A gastric hemorrhage is a medical emergency. If you are vomiting up a large amount of blood—more than a few teaspoons—go to the emergency room.

Changes in Bowel Habits

Changes in bowel habits, including diarrhea and constipation, are common occurrences that everyone experiences at one time or another. But persistent changes, including intermittent bouts of constipation and diarrhea, may be early signs of stomach cancer.

Cancer itself can alter digestion and lead to these problems. At the same time, as the malignancy spreads, it can cause the narrowing of the intestinal passageway (strictures) and the onset of constipation. The accumulation of fluid behind the stricture can eventually cause the release of watery diarrhea, typically accompanied by acute abdominal pain.

Loss of Appetite

It's not uncommon to lose your appetite for a day or two, but if you find that you just don't feel like eating for more than a few days, see your healthcare provider. Although stomach cancer is one of many conditions that can cause a loss of appetite, the persistent loss of appetite should raise concerns irrespective of whether cancer is involved.

People with stomach cancer may also experience early satiation, in which you feel full after eating only eating a few bites.

Cancer can change the body's metabolism and increase the production of inflammatory cytokines. These changes can affect the chemical messengers, called neurotransmitters, that influence appetite. If the tumor grows, it can also reduce the functional size of the stomach, promoting early satiation.

The persistence of these symptoms can lead to extreme weight loss, a condition referred to as cachexia. This is common in people with advanced cancer.

If you have lost more than 5% of your normal body weight during the course of six months or less, and haven't been dieting or exercising, call your healthcare provider. Unintentional weight loss is a key symptom of advanced cancer.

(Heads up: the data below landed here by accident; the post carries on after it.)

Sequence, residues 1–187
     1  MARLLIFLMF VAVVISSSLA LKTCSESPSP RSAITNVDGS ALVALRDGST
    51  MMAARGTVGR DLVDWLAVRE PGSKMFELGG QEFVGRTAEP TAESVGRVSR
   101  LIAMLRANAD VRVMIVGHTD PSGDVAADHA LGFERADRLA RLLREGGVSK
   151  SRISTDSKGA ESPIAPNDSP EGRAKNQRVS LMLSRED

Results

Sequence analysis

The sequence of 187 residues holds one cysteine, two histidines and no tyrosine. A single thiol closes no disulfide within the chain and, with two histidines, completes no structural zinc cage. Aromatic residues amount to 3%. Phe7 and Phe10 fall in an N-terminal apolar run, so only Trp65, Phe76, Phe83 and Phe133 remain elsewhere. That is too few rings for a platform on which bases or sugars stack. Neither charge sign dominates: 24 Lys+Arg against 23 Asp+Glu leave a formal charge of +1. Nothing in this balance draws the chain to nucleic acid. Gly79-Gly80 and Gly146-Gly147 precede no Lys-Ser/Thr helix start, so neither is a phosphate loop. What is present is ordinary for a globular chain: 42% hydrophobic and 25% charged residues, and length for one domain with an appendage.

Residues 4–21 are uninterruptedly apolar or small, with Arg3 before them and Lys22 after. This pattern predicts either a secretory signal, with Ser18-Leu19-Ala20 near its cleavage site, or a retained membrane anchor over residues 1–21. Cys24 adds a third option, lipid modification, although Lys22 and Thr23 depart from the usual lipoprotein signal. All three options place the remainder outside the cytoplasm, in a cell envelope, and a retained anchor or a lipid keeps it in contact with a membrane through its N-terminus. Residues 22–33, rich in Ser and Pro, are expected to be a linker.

Bloating and Heartburn

Abdominal bloating can be a symptom of stomach cancer, especially when it occurs after meals. Even so, bloating is frequently missed in people with stomach cancer and ascribed to other, more common causes, such as indigestion, constipation, or menstruation.

Similarly, heartburn is more often related to conditions like acid reflux and GERD but can also be a sign of stomach cancer. The bacteria H. pylori is not only linked to GERD and peptic ulcers but significantly increases the risk of stomach cancer.

On the flip side, chronic acid reflux can lead to a condition called Barrett's esophagitis which, in turn, increases the risk of esophageal cancer.

Persistent Fatigue

Fatigue that lasts more than a few days or weeks may be suggestive of a medical concern. With stomach cancer, fatigue is often related to anemia due to blood loss in the stool.

At the same time, being under the burden of chronic inflammation can trigger fatigue—a phenomenon common in people with cancer, autoimmune diseases, and neurodegenerative disorders like Huntington's and Parkinson's disease.

Cancer-related fatigue is different than fatigue associated with exhaustion, depression, or acute illness. It is the kind of fatigue that doesn't improve with a good night's rest or other common interventions.

Cancer-related fatigue often develops gradually, and it may help to think back six to 12 months to compare your energy levels. Persistent fatigue should never be considered "normal" even if cancer is not the cause.

A Word From Verywell

It's not uncommon for people diagnosed with cancer to admit that they knew something was amiss. You simply may not have been feeling well or have a gut sense that something is wrong. Trust your intuition.

The worst thing that can happen is that you lose the time and money seeing a healthcare provider. Not listening to your inner voice could have far worse consequences.

If you are experiencing any symptoms of stomach cancer, see your healthcare provider promptly. An early diagnosis almost invariably leads to better treatment outcomes.